• subtle smells can influence behavior
  27. Which vesicle of the brain is the diencephalon a part of?
  28. What does the diencephalon contain?
  29. Where are the thalami?
    in an area rostrol to brainstem
  30. What percentage of the brain is the diencephalon?
    • 2%
    • very small, but does a lot for you in terms of function
  31. Where is the diencephalon?
    between posterior commisure caudally to interventricular foramen rostrally
  32. What bounds the diencephalon laterally?
    • posterior limb of internal capsule
    • tail of caudate nucleus
    • stria terminalis
  33. What does the 3rd ventricle separate the diencephalon into?
    right and left halves, making it a bilateral structure
  34. What are the 4 parts of the diencephalon?
    • epithalamus
    • thalamus
    • hypothalamus
    • subthalamic region
  35. What is the most posterior aspect of the diencephalon?
  36. What are the parts of the epithalaums?
    • habenular trigone
    • pineal body
    • roof of 3rd ventricle
  37. What is the habenular trigone?
    triangle shaped nuclei that belong to epithalamus of the diencephalon
  38. What type of fibers does the habenular trigone have?
    afferent and efferent connections to other parts of the brain
  39. What other parts of the brain is the habenular trigone connected to?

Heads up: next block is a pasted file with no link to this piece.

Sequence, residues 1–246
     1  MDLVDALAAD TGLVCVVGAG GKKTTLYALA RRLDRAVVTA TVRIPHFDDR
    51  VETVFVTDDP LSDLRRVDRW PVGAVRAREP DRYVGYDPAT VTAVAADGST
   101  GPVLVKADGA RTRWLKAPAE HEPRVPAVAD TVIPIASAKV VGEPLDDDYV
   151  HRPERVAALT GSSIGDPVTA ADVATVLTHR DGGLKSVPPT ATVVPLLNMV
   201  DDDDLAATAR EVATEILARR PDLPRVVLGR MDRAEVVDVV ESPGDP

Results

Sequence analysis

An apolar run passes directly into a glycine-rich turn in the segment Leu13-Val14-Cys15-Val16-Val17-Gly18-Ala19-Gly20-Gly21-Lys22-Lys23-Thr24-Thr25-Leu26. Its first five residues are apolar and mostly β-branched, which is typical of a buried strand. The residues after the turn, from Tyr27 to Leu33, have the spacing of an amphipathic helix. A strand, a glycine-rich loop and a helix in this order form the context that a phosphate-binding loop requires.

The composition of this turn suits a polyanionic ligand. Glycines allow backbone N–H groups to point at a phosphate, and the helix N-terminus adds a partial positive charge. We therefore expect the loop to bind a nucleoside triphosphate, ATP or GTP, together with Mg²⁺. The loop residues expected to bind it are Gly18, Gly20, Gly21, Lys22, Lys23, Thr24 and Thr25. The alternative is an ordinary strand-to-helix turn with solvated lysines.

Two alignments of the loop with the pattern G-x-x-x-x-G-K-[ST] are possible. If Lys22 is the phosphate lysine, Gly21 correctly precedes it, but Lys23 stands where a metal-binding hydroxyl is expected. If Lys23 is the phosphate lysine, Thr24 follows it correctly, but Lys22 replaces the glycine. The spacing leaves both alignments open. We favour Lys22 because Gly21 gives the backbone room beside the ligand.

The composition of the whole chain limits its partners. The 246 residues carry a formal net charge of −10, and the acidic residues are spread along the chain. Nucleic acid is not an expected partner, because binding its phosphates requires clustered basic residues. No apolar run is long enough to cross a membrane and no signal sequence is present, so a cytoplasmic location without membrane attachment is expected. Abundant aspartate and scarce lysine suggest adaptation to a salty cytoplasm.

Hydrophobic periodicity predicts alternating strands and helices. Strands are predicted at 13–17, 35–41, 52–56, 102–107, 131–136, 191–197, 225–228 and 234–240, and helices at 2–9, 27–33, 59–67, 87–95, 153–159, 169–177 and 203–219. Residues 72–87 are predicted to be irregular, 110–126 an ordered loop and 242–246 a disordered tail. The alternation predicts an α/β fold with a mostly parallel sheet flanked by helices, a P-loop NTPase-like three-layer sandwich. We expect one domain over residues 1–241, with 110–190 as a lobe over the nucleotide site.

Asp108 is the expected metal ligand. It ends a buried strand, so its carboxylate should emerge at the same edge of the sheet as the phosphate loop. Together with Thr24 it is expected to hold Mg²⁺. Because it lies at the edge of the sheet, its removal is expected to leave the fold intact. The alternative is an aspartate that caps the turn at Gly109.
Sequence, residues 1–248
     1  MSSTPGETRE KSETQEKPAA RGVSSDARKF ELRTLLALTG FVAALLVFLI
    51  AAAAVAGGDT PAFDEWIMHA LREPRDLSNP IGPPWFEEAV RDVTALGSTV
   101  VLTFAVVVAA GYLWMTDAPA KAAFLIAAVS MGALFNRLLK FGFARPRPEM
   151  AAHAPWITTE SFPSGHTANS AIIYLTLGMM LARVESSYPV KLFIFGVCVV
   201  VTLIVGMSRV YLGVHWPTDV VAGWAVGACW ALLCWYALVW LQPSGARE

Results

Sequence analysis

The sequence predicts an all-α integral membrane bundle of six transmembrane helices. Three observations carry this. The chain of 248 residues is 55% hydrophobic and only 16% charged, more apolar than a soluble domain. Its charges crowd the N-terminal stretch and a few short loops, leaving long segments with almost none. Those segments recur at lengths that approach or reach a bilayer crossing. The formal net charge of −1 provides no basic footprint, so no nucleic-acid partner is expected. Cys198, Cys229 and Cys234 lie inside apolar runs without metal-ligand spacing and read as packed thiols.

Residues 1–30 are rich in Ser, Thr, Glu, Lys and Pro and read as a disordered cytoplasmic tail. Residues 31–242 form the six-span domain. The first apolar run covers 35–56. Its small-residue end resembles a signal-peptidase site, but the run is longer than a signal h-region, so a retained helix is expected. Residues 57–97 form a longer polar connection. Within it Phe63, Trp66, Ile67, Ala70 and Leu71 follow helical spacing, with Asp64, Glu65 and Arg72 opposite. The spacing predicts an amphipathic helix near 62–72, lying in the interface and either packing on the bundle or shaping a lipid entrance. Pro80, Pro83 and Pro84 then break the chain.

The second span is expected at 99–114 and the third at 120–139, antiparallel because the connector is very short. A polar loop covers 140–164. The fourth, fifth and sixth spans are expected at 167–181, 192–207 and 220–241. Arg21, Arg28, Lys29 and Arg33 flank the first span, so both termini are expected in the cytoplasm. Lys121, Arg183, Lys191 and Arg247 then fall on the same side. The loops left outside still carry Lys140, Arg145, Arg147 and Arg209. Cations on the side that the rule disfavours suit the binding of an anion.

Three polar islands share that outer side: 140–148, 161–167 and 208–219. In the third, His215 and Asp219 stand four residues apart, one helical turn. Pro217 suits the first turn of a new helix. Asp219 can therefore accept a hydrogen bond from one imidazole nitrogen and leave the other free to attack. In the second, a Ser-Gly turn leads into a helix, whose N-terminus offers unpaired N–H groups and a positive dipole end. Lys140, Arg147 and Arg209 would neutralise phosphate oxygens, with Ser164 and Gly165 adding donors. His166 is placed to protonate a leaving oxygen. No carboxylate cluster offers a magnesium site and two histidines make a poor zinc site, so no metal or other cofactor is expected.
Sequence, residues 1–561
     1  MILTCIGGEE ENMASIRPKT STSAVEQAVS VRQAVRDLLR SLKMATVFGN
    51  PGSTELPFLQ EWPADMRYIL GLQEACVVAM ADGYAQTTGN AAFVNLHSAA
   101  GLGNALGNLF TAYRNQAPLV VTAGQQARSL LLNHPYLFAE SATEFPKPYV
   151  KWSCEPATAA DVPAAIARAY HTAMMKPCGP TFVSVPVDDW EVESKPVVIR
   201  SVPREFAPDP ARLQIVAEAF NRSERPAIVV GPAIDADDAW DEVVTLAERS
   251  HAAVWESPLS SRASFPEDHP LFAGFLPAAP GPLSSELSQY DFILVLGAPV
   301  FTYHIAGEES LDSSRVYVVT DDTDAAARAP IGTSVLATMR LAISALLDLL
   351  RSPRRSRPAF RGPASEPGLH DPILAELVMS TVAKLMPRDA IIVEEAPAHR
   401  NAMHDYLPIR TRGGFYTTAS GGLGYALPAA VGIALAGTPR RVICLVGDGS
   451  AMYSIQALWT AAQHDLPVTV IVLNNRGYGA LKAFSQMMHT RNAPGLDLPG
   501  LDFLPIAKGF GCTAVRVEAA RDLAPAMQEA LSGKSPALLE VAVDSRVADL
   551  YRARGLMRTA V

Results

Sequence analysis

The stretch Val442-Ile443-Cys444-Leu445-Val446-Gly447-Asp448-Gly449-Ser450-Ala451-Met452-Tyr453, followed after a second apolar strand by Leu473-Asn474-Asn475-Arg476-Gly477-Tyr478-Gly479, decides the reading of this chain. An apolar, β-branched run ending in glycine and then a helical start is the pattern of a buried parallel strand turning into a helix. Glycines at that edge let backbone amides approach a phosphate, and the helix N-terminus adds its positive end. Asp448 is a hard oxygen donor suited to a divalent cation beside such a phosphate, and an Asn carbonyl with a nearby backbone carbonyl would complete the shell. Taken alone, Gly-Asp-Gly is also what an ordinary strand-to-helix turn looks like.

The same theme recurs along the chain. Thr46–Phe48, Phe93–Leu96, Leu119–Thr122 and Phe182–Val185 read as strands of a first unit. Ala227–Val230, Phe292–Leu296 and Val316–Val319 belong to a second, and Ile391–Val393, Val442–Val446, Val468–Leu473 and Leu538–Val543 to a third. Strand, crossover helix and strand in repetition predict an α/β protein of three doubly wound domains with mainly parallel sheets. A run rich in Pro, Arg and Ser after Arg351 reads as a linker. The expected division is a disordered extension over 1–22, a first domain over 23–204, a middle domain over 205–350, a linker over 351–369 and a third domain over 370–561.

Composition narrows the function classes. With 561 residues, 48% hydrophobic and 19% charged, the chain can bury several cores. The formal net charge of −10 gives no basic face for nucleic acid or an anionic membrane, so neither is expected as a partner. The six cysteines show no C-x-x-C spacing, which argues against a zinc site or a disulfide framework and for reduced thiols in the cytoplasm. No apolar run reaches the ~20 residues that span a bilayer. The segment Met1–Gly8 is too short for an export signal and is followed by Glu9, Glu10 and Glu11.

hypothalamus, thalamus, and basal ganglia
  40. The afferent and efferent connections in the habenular trigone are classified as:
  41. Where are connections w/in the habenular trigone found?
    in stria medullaris
  42. Stria medullaris:
    fibers connecting to hypothalamic, thalamic, afferent and efferent to basal ganglia; rostral to habenula
  43. What is the function of the habenular trigone?
    • not clear
    • plays minor role in limbic system
  44. The habenular trigone is a connecting structure that allows:
    4 parts of the brain to communicate
  45. Where is the pineal body?
    • attached to roof of 3rd ventricle
    • in region of posterior commissure
    • b/w two habenular trigones
  46. The pineal body plays a major role in:
    onset of puberty
  47. How does the pineal body play a major role in the onset of puberty?
    by producing melatonin
  48. What happens when the pineal body ceases to produce melatonin?
    triggers onset of specific relay nuclei
  49. what are the nuclei found in the pineal body?
    • specific relay nuclei
    • association nuclei
    • subcortical nuclei
    • diffuse cortical connection nuclei
    • pulvinar nuclei
  50. Specific relay nuclei:
    • r nuclei